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Building a Nuke Underwater?

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Miami -- It is four weeks since April Fool's Day -- but foolishness is not confined, alas, to that one day a year.  Here is a snippet from one of the stranger precincts of American politics and economics.

Climate scientists are quite certain that warmer temperatures mean higher sea levels. Even the climate-change deniers admit that it's getting warmer -- they're just not willing to admit why, or concede that it's a scary prospect.  If you want a good reason to get worried, here's the latest from Florida, one of the states most threatened by rising sea levels.

Florida Power and Light wants to build not one, but two new nuclear reactors at its existing nuclear facility at Turkey Point. Turkey Point sits at one of the lowest elevations in the state of Florida -- it's literally a hop, skip, and a jump from the ocean, as you can see on this United States Geological Survey map.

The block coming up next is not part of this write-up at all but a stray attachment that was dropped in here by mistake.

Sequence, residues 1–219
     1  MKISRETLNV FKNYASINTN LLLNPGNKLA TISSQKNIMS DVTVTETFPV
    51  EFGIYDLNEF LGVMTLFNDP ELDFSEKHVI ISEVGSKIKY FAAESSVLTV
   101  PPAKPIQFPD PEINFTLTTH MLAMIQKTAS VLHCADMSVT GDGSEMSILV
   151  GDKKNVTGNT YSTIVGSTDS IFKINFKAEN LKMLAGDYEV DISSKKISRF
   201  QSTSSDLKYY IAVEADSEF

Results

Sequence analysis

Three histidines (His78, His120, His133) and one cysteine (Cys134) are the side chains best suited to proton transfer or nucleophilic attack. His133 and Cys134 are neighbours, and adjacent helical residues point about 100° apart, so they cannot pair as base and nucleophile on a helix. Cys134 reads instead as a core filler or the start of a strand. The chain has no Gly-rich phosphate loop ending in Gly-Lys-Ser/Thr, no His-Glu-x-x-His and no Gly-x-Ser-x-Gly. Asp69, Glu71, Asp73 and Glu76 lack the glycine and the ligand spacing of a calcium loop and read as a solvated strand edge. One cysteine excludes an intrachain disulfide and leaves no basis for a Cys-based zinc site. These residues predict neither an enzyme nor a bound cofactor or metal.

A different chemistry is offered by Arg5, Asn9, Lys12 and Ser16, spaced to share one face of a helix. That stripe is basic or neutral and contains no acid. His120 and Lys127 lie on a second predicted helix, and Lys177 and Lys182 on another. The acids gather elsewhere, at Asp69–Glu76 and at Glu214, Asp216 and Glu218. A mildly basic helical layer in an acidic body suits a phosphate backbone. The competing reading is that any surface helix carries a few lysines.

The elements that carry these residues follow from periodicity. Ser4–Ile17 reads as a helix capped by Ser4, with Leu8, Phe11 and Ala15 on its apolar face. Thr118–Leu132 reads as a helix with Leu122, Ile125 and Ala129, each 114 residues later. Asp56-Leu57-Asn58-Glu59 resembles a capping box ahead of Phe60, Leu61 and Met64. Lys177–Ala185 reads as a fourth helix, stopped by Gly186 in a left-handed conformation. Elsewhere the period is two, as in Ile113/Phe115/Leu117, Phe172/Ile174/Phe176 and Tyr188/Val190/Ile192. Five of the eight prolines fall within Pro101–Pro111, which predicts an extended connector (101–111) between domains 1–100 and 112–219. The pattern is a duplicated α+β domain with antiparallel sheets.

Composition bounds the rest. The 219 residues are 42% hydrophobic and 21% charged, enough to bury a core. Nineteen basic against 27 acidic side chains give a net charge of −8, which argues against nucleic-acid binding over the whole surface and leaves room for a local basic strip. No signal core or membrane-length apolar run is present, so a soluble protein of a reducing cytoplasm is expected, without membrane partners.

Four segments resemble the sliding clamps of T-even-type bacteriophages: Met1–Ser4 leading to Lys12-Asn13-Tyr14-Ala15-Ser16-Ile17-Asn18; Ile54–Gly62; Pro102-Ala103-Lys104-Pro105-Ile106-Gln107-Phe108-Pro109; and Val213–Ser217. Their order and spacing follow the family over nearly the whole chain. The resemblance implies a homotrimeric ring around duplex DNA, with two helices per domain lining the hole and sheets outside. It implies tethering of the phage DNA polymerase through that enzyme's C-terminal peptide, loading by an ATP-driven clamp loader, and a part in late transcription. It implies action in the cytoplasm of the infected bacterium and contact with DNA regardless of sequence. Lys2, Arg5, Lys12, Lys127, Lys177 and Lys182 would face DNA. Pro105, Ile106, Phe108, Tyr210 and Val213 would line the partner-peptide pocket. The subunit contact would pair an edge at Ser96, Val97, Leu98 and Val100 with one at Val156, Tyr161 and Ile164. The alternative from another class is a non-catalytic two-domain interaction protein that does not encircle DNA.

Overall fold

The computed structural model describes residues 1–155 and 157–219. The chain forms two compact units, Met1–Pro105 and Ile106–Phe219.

Turkey-neck  


Right now the existing nukes at Turkey Point are scheduled to be decommissioned in 2032. However, if new plants are built they will be operating until 2100, by which time the surrounding area will be underwater, according to most climate models.  In fact, Turkey Point at best will be a tiny island in the Atlantic Ocean long before its new reactors are scheduled to be shut down. The highest point on the plant's property is only 52 feet above current sea level, and  the cooling canals surrounding it provide a magnificent conducting mechanism for hurricane surges.

You couldn't have a better formula for predictable disaster -- and, of course, like any nuke, this one would be built with your money and mine, just as your money and mine (or our children's) will have to pay for the cataclysm to come.

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